Selling Your Home?
Here Are a Few Tips
Tax and Financial News
Selling Your Home?
Here Are a Few Tips
Wherever the process ranks in terms of the level of stress youâre feeling, it certainly can be a hassle. There are, however, a few good tax breaks that could reduce that level quite a bit.
To begin with, letâs take a look at the rules about recognizing (or not recognizing) a gain on the sale of your home. As a general rule, you can exclude up to $250,000 ($500,000 if you are married filing jointly) of any gain on the sale of your primary residence. The calculation of the gain is rather simple: you take the sales price of your home, less any expenses (like commissions, closing costs, etc.) and subtract your basis in the home. The basis is the amount you originally paid for the home, including closing costs, plus the costs of any improvements.
Well, okay, that was simple - but a simple tax law is an oxymoron! The first hitch to âthe simple wayâ is that you must have lived in the home for two out of the last five years. Under normal circumstances, this particular legal wrinkle is not that difficult to meet - the average person resides in their home for about 7 years.
As it turns out, however, there are actually a good number of people who move before living in their home for two years. For this reason, Congress provided some exceptions to the general rule. If you do move before meeting the two-year requirement because of a change in employment, a change in health, or "unforeseen circumstances," you can qualify to exclude a portion of the $250,000 exemption. Example: you move after living in your home for 12 months, so you would divide 12 by 24 months and multiply it by $250,000.
For taxpayers who become physically or mentally unable to care for themselves, after living in their home for at least one year, the period of time during which they stay in a nursing home will be counted as if they had lived in their own home. Say your elderly relative lives in their home for one year, then must be moved to a nursing home. After residing in that care facility for one year, the two year requirement will have been met.
Do you use part of your home for business purposes? At one time, the business use of your home would cause major headaches, but the gain recognition law is very simple now. Say you use a room in your home as an office and you deduct $10,000 of depreciation as a home office deduction. If you sell the home for a $250,000 gain, all you will be required to include in income is the $10,000 in depreciation you deducted. Note: at one time, you would have been required to recognize a pro-rata portion of the gain in income.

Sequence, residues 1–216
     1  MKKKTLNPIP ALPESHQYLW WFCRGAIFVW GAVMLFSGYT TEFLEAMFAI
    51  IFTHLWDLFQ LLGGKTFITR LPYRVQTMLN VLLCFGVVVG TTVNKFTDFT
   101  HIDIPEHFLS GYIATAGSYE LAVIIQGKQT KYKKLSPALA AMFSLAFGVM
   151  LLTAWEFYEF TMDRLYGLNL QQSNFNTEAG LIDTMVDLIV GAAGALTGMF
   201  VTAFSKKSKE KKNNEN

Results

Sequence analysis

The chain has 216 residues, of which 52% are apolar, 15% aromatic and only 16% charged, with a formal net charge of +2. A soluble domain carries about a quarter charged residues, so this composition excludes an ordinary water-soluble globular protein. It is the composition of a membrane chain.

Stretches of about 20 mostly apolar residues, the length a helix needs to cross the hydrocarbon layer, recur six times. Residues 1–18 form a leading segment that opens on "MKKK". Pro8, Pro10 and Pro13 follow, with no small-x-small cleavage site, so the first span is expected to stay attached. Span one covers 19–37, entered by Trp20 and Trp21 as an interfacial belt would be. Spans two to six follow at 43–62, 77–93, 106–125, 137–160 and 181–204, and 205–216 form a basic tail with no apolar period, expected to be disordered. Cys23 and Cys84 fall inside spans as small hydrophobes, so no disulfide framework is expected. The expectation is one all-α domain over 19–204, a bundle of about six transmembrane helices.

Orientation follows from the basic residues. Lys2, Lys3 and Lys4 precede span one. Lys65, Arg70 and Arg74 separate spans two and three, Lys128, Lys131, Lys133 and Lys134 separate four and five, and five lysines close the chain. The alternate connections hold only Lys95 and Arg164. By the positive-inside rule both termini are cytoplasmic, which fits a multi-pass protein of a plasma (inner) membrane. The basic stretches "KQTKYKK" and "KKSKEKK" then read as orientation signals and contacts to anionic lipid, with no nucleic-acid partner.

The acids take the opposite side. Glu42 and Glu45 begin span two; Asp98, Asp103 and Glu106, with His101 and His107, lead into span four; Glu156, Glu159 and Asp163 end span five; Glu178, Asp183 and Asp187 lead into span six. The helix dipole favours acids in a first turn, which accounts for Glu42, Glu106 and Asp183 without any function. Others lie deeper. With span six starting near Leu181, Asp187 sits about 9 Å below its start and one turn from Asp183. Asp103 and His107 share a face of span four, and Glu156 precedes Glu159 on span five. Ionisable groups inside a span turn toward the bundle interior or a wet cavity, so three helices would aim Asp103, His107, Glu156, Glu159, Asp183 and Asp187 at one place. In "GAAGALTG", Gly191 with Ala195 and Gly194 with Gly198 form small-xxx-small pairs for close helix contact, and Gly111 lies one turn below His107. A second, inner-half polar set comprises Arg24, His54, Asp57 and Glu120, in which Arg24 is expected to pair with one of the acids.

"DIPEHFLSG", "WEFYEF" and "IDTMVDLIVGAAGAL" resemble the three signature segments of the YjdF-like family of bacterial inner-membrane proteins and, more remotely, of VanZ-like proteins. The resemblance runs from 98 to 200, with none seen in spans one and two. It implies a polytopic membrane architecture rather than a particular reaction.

Letâs switch gears a moment and assume you moved from a previous residence two years ago and turned it into a rental property. Common sense would lead you to believe that, if you sell the home for a gain, the whole gain is taxable. After all, you are then selling a business asset, not your home.
The good news is that, if you meet the two-out-of-five-year primary residence requirement, you can exclude the portion of the gain that isnât attributable to depreciation. Home builders often build a home, live in it for two years, and then sell it to realize a non-taxable gain.
What we have discussed in this article are some guidelines - and major exceptions - to recognizing gains on the sale of a primary residence. There are also some exceptions that apply in limited circumstances, and even some of those weâve discussed have a few quirks that could trip you up. In addition, people in the process of divorce need to be careful how and when they sell a marital home. In order to prevent turning a tax-free gain into a taxable one, itâs wise to discuss your situation with your financial planner or CPA. Donât have a CPA? Give us a call. Weâll be glad to help.
Have a great St. Patrickâs Day.
These articles are intended to provide general resources for the tax and accounting needs of small businesses and individuals. Service2Client LLC is the author, but is not engaged in rendering specific legal, accounting, financial or professional advice. Service2Client LLC makes no representation that the recommendations of Service2Client LLC will achieve any result. The NSAD has not reviewed any of the Service2Client LLC content. Readers are encouraged to contact their CPA regarding the topics in these articles.